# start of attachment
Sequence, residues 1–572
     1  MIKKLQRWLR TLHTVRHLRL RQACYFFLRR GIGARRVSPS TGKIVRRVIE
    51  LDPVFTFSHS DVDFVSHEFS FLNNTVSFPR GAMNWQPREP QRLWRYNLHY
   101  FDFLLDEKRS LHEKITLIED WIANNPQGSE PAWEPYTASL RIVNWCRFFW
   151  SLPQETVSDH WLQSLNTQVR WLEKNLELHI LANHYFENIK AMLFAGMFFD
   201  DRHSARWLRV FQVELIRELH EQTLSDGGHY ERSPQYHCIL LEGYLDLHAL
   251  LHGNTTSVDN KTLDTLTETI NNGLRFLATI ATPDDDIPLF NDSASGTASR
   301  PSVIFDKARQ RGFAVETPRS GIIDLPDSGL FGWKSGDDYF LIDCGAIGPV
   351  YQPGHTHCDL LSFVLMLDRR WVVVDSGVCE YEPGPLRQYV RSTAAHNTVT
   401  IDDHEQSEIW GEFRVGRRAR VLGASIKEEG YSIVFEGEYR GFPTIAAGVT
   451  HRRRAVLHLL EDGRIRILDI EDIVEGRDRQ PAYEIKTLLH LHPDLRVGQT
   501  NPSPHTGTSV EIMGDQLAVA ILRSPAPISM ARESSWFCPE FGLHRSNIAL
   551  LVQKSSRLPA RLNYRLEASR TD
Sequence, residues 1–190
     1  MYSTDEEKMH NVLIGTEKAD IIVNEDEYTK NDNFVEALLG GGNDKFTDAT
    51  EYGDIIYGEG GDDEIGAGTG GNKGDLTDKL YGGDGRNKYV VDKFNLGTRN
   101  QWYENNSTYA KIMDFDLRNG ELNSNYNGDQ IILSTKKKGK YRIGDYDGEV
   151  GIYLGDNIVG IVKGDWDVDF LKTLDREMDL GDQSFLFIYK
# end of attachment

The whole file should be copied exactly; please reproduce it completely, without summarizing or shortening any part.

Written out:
Sequence, residues 1–572
     1  MIKKLQRWLR TLHTVRHLRL RQACYFFLRR GIGARRVSPS TGKIVRRVIE
    51  LDPVFTFSHS DVDFVSHEFS FLNNTVSFPR GAMNWQPREP QRLWRYNLHY
   101  FDFLLDEKRS LHEKITLIED WIANNPQGSE PAWEPYTASL RIVNWCRFFW
   151  SLPQETVSDH WLQSLNTQVR WLEKNLELHI LANHYFENIK AMLFAGMFFD
   201  DRHSARWLRV FQVELIRELH EQTLSDGGHY ERSPQYHCIL LEGYLDLHAL
   251  LHGNTTSVDN KTLDTLTETI NNGLRFLATI ATPDDDIPLF NDSASGTASR
   301  PSVIFDKARQ RGFAVETPRS GIIDLPDSGL FGWKSGDDYF LIDCGAIGPV
   351  YQPGHTHCDL LSFVLMLDRR WVVVDSGVCE YEPGPLRQYV RSTAAHNTVT
   401  IDDHEQSEIW GEFRVGRRAR VLGASIKEEG YSIVFEGEYR GFPTIAAGVT
   451  HRRRAVLHLL EDGRIRILDI EDIVEGRDRQ PAYEIKTLLH LHPDLRVGQT
   501  NPSPHTGTSV EIMGDQLAVA ILRSPAPISM ARESSWFCPE FGLHRSNIAL
   551  LVQKSSRLPA RLNYRLEASR TD
Sequence, residues 1–190
     1  MYSTDEEKMH NVLIGTEKAD IIVNEDEYTK NDNFVEALLG GGNDKFTDAT
    51  EYGDIIYGEG GDDEIGAGTG GNKGDLTDKL YGGDGRNKYV VDKFNLGTRN
   101  QWYENNSTYA KIMDFDLRNG ELNSNYNGDQ IILSTKKKGK YRIGDYDGEV
   151  GIYLGDNIVG IVKGDWDVDF LKTLDREMDL GDQSFLFIYK